Since his appointment as Education Secretary in 2010, Michael Gove has been intent on ‘reforming’ the school history curriculum, managing to alienate even some of his right-wing advisors in the attempt. Gove has argued that Britain’s status as an island is core to our history. Keith Flett thinks that he might have a point here – but interprets its importance in a very different way.
Michael Gove has an upper second degree in English from Oxford, which while is certainly does not prevent him from commenting on and having an opinion about history, does not particularly make him an authority on the subject.
Yet Gove, as Education Secretary in a Coalition Government, has loomed large in discussions about school history.
This is what he wrote in October 2010:
One of the under-appreciated tragedies of our time has been the sundering of our society from its past.
Children are growing up ignorant of one of the most inspiring stories I know – the history of our United Kingdom.
Our history has moments of pride, and shame, but unless we fully understand the struggles of the past we will not properly value the liberties of the present.
The current approach we have to history denies children the opportunity to hear our island story. Children are given a mix of topics at primary, a cursory run through Henry the Eighth and Hitler at secondary and many give up the subject at 14, without knowing how the vivid episodes of our past become a connected narrative. Well, this trashing of our past has to stop.
At this point Gove announced that Simon Schama had been appointed to address the matter. As Schama recently reminded us at a memorial meeting for Eric Hobsbawm, while some may debate his historical judgements, he remains an historian of the left.
Schama disappeared from Gove’s history, as the ideology was ramped up. In his place came the undisputedly right-wing Niall Ferguson. More recently Gove has noted that his views on school history have also been influenced by a range of right-wing historians including David Starkey who is without doubt very right-wing indeed.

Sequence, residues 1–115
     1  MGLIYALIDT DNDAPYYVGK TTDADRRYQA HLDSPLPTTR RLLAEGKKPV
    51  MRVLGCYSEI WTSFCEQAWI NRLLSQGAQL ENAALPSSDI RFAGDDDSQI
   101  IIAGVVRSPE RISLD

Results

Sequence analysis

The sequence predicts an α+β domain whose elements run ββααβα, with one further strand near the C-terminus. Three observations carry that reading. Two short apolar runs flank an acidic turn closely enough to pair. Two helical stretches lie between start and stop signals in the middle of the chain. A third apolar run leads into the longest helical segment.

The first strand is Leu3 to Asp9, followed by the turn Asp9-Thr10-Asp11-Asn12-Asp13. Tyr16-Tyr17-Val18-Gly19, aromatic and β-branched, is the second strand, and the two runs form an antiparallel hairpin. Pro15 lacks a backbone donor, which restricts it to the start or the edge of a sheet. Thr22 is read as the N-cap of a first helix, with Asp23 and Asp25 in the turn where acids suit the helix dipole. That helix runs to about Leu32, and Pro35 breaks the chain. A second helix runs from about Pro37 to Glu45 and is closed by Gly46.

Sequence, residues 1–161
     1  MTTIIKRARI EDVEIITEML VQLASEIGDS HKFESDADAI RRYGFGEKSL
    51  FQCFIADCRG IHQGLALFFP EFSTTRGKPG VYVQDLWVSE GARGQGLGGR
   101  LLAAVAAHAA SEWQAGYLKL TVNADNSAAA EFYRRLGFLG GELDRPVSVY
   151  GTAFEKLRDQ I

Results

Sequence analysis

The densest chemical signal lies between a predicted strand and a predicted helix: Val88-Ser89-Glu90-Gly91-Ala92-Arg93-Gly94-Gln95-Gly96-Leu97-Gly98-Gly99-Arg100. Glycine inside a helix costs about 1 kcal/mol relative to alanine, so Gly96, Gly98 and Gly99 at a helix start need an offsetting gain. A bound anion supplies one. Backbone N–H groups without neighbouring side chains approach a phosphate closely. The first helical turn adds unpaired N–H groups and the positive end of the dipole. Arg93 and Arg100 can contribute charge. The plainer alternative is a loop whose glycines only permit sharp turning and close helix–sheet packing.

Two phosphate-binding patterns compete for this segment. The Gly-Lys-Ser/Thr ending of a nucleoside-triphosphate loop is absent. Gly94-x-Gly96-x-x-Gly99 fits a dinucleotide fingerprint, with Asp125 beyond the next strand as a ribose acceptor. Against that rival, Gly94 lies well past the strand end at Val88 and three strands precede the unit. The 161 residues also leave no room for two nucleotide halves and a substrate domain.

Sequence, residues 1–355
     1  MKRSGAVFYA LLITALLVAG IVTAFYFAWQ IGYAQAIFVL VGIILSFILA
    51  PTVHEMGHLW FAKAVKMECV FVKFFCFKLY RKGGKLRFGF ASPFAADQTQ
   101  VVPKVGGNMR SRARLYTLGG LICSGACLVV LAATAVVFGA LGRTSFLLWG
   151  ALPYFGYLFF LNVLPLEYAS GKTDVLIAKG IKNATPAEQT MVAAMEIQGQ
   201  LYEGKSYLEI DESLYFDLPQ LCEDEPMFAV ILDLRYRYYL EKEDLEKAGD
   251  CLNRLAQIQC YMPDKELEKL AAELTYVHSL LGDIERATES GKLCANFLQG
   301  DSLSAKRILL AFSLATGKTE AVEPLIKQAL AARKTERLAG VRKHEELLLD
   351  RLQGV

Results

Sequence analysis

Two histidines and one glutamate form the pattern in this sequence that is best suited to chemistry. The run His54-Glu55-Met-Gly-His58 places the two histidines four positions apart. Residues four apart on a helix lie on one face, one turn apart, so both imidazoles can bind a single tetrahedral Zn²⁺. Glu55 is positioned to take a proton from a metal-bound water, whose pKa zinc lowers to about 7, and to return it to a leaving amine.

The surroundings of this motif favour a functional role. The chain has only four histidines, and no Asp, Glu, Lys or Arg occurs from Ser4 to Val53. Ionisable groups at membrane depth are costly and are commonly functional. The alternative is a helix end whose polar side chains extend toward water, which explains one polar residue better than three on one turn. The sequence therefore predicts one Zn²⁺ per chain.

Gove’s emphasis has been on trying to ‘fiddle’ with the school history curriculum. I use the word advisedly. He is not making the kind of structural changes to it that would require Parliamentary scrutiny. Rather he is tinkering.
Proposals for a new history curriculum content appeared earlier this year and were subsequently spirited off by Gove and his team for revision. It was not clear exactly what transpired but at the end of the process Gove’s right-wing advisors on history were to be found criticising him rather than supporting him. Niall Ferguson produced a critical piece for The Guardian.
In the meantime a campaign had at least prevented Gove and other Tory ideologues from removing significant figures in black British history such as Mary Seacole from the curriculum altogether.
The most recent Gove history intervention has come in a speech at the Brighton conference in early May. Here Gove again supported school history as our island story and criticised existing school history teaching. In particular he was concerned that an exercise with Mr Men was being used to teach pupils about Hitler.
As with so much of Gove’s thoughts this was ideological bluster not reality. What was actually happening was that a group of senior pupils who had already learnt about Hitler by the usual method of studying the subject, were using Mr Men characters in an exercise with more junior pupils to demonstrate that they had grasped the essence of the matter.
Gove was quizzed about the matter at a Commons Select Committee on Education on 15th May. Here he revealed the source for his Mr Men comments. It was- Gove. He had ‘researched’ the matter himself. He had of course come to the wrong conclusion about what was happening but instead of apologising he noted that no one could argue that Mr Men was involved in the teaching of history at a particular school.
Still, perhaps Gove does have a point about our island story. It is one of colonialism, imperialism, a bloody Empire and slavery. It is also a story of those who fought back. The work of historians like Peter Linebaugh and Marcus Rediker on the Black Atlantic has demonstrated that the history of the British Isles must go much further than Britain itself. Perhaps a figure like William Cuffay, the son of a black slave from St Kitts who had travelled to Medway as a cook on a British Navy ship, went on to become the leader of London Chartism and was transported to Tasmania for his efforts should be the cornerstone of Gove’s history curriculum.
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